The ability to ‘motivate people’ is considered to be a prime task of management. Managers, increasingly, have to act as coaches and guides in order to align the strategic goals of the organization with the demands and needs of individual employees. At the core of this aligning process is the manager’s skill to understand what does ‘motivate’ an individual to reliably and consistently commit their energy and talent to the organizational goal. Motivation theories are routinely drawn on to understand what makes people ‘tick’ and to then be able to successfully manage and control individual behavior. (Tietze) The Content Theories
In a historical perspective, the content theories tend to be the earliest theories of motivation or later modifications of early theories. Within the work environment they have had the greatest impact on management practice and policy, while within academic circles they are the least accepted (South Western Sydney Institute). Content theories of motivation place the emphasis on what motivates. They have become part and parcel of every training program, of every syllabus and every leadership seminar devised and conducted for the improvement of management practice. Mainly, when talking to participants afterwards, what they seem to remember is a particular set of theories, which can be summarized under the heading of ‘content theories of motivation’, which reveal the motives, i.e. the content, in our mental make-up. Perhaps most famously is the theory of Abraham Harold Maslow (1908- 1970), an American psychologist, who developed a theory called ‘the hierarchy of needs’. Briefly, it assumes that there are nine human needs (ranging from biological requirements at the bottom to self-actualization needs at the top). Each of the lower needs has to be fully satisfied, before the next need becomes a motivating force. Thus, for example, we need to satisfy our biological requirements, before we care for affiliation needs or become interested in improving our knowledge and understanding. We need to feel appreciated and loved - (affiliation needs – before we Endeavour to satisfy our sense of ‘beauty’ and truth – need for aesthetics). A similarly famous theory of motivation was developed by Herzberg (1974) and is called the two-factor theory of motivation. There are a set of factors which, if absent, cause dissatisfaction. They are related to job context, job environment and extrinsic to the job itself (Hygiene or maintenance factors). The other set of factors serve, if present, to stimulate the individual to superior effort and performance (motivators or growth factors). The two-factor theory does not deny the importance of the hygiene factors, but stresses their importance to maintain a healthy work environment. If absent, even strong growth factors would not compensate for their lack. However, these content theories of motivation have been criticized as being more of a social philosophy, reflecting white American middle-class values; and as being too vague to explain - let alone predict - all human behavior. How, for example, could one explain within the parameters of this theory the actions of people who risk their lives in the pursuit of their aims, thus ‘violating’ any needs for safety and security? How could one explain that people forgo esteem needs for the sake of transcendence needs? I do not wish to claim that these theories or other theories of motivation for that matter are redundant for understanding workplace behavior. Indeed, they continue to exert influence over management practice in areas such as job enrichment, TQM, rewards policies, self-managing teams and so on. However, I do wish to make a case for considering other approaches that have been developed to understand workplace behavior and how to ‘manage it’. (Tietze) The Process Theories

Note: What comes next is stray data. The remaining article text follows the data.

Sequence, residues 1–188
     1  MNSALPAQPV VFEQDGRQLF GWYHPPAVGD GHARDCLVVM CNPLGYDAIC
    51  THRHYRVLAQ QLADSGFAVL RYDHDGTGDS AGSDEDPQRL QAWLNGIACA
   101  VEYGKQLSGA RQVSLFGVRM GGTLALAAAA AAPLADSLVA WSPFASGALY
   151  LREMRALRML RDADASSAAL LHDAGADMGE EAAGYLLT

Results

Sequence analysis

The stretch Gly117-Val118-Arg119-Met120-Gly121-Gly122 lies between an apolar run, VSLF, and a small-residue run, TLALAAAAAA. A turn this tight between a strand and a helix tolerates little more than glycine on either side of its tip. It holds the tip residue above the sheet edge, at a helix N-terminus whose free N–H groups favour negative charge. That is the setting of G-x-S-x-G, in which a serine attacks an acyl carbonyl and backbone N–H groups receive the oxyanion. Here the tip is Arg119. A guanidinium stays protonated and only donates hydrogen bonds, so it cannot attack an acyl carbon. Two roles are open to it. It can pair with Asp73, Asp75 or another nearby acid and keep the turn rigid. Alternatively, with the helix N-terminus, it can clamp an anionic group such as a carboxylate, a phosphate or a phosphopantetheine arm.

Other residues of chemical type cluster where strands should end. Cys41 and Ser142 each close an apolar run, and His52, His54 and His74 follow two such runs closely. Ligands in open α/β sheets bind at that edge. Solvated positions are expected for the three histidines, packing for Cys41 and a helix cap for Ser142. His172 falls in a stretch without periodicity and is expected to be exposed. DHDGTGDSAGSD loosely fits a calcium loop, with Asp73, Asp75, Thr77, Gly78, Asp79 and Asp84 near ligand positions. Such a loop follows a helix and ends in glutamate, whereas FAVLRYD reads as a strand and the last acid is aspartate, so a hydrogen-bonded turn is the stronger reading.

A different set of theories of motivation can be summed up under the heading of ‘process theories’, such as expectancy, equity or goal-setting theories. They...
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